The state has a history of split-ticket voting, giving Heitkamp an opportunity to show her independence from national Democrats. She's publicly disagreed with Barack Obama on issues like energy, which she points to as evidence she won't be a rubber stamp. She enjoys high favorables and solid support from Republican ticket-splitters and has hammered Berg for his connection to a controversial real estate company.
With the lowest unemployment rate in the country, North Dakotans have their choice between two candidates with strong statewide appeal. This race will remain close until Election Day.
Ohio: Sen. Sherrod Brown (D) vs. Josh Mandel (R)
Amid the backdrop of what is arguably the nation's most competitive presidential battleground contest, first-term Senate incumbent Sherrod Brown hopes to prove that the Democratic wave that helped carry him into office in 2006 wasn't a fluke. Brown, who has a voting record the National Journal classified as one of the most liberal in the Senate, made a ripe target for Republicans looking for a pickup opportunity.
But in the home stretch of the 2012 campaign, Ohio remains conspicuously off the list of the most vulnerable Democratic-held seats. The Republican nominee is Josh Mandel, the 35-year-old state treasurer and Marine Corps veteran. Mandel has kept pace with Brown in terms of fundraising, but he continues to trail the incumbent by around 10 points in several independent polls from September and October.
Brown is far from having the race sewn up, especially with the daily volatility at the top of the ticket, but he has a leg up as the race enters its final days.
Pennsylvania: Sen. Bob Casey (D) vs. Tom Smith (R)
Recent polls have given Republicans hope where they previously had little. As Democratic Sen. Bob Casey's lead over Republican businessman Tom Smith began to tighten, the incumbent began actively campaigning across the state -- something he previously hadn't been doing.
Though Republicans have an opening now, Casey still enters the final stretch with the advantage. The state has not emerged as a contested presidential battleground and a strong showing by Barack Obama here could help Casey beat back this unexpected and late-breaking challenge.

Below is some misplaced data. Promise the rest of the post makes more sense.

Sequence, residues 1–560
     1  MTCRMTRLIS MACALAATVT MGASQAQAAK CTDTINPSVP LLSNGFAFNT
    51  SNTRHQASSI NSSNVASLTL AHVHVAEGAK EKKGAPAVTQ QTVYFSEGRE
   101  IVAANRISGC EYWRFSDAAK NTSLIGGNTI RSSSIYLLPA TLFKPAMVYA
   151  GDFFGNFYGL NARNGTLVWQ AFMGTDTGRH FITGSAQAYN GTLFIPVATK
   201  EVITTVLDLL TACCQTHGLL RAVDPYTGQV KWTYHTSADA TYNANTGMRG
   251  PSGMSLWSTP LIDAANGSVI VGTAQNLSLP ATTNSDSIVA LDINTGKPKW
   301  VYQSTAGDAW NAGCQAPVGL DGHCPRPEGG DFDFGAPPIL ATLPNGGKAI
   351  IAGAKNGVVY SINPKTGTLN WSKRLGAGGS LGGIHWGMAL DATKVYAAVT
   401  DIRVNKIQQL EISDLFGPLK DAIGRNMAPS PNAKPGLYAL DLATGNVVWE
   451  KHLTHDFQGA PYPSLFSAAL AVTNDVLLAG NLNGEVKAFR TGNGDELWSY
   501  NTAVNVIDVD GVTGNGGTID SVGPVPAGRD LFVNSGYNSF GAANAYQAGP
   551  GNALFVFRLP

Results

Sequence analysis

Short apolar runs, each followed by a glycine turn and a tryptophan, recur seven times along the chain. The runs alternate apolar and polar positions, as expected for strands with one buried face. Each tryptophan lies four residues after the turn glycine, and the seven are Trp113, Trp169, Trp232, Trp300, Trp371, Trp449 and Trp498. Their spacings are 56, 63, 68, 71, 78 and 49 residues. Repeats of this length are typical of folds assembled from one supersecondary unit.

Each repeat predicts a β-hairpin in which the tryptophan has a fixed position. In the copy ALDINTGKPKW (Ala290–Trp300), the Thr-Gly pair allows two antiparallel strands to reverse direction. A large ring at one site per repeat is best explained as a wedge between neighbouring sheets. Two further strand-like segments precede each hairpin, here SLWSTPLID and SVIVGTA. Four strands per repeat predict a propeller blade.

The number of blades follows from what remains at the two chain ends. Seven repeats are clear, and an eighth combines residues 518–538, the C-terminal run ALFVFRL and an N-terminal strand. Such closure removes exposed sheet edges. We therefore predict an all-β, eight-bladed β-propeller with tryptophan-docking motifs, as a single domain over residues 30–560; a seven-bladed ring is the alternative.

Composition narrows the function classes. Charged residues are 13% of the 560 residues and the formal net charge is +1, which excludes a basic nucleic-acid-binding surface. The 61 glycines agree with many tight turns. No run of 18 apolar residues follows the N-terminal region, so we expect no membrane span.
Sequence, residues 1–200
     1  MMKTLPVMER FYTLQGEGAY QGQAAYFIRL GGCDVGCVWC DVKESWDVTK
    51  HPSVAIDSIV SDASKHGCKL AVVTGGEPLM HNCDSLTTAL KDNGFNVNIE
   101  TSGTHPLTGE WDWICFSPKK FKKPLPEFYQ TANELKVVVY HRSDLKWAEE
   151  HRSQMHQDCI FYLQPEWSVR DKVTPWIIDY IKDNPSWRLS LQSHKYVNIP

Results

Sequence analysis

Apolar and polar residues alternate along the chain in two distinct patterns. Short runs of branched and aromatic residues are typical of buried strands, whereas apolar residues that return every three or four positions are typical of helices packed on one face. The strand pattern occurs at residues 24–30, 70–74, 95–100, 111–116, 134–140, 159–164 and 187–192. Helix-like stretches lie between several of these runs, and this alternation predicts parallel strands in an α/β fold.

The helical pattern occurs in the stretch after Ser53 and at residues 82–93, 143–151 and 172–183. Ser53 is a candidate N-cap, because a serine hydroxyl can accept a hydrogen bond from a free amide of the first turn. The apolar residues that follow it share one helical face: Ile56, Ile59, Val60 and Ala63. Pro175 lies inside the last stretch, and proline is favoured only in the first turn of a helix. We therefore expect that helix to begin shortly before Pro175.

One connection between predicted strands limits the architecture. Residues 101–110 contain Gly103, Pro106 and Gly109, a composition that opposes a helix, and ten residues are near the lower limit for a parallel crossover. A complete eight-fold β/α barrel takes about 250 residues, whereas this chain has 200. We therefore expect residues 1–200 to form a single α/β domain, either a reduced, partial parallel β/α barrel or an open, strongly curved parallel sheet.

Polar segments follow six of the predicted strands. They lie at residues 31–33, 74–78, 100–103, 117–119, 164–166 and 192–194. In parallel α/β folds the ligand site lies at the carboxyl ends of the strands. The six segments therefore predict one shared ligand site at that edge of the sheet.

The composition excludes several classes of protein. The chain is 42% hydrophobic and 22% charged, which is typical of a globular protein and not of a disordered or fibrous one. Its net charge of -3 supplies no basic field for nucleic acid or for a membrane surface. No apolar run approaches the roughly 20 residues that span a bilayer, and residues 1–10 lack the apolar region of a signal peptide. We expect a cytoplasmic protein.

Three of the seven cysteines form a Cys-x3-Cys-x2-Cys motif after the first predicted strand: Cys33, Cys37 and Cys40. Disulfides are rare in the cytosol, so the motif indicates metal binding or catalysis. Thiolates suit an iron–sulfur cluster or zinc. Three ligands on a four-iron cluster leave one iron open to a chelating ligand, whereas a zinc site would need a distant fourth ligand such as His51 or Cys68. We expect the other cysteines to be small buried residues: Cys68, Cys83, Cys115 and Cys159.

Rhode Island: Sen. Sheldon Whitehouse (D) vs. Barry Hinckley (R)
Democrat Sheldon Whitehouse is a safe bet to win a second term in November. He faces Republican businessman Barry Hinckley.
Tennessee: Sen. Bob Corker (R) vs. Mark Clayton (D)
Unlike the tough battle he had in 2006 to take the seat, Republican Bob Corker should easily win a second term in November. He faces Democrat Mark Clayton, whose candidacy has been disavowed by the Tennessee Democratic Party for his involvement with an anti-gay rights group.
Texas: Ted Cruz (R) vs. Paul Sadler (D)
Open seat -- Sen. Kay Bailey Hutchison (R) is retiring
After a tough primary victory over the candidate endorsed by Gov. Rick Perry and the state party establishment, Republican nominee Ted Cruz, the former state solicitor general, is now heavily favored this November in his race against Democratic nominee Paul Sadler, a former state representative.
Utah: Sen. Orrin Hatch (R) vs. Scott Howell (D)
Republican Orrin Hatch learned an important lesson from his former colleague Sen. Bob Bennett in 2010 -- don't take the Republican nomination for granted. Hatch campaigned early and hard to win the GOP nomination over tea party favorite Dan Liljenquist, a former state senator. Hatch now is the overwhelming favorite to win a seventh term in November.
A Democrat hasn't represented Utah in the U.S. Senate in 36 years.
Vermont: Sen. Bernie Sanders (I) vs. John MacGovern (R)
Independent Bernie Sanders, the Senate's only self-described socialist, is expected to sail to a second term over Republican John MacGovern, a former Massachusetts state representative and unsuccessful congressional candidate.
Virgina: Former Gov. Tim Kaine (D) vs. former Gov./Sen. George Allen (R)
Open seat -- Sen. Jim Webb (D) is retiring
Republican George Allen is fighting hard to win back the seat he lost six years ago to now-retiring Democratic Sen. Jim Webb. A strong Democratic wave, along with a gaffe caught on tape that became infamous on YouTube, stripped Allen of what was expected to be his second term (and perhaps a launching pad to the 2008 GOP presidential nomination). He now faces Democratic nominee Tim Kaine, another former governor, in one of the marquee Senate races of 2012.
Polls remain close. Barack Obama's win in Virginia in 2008 and the strong play he's making for the state in 2012 have given Kaine organizational support. Allen has run ads linking Kaine, the chairman of the Democratic National Committee at the start of the Obama administration, to the president and to looming budget cuts. Kaine, in turn, has run ads tying Allen to George W. Bush's economic policies and that he's wrong on women's issues.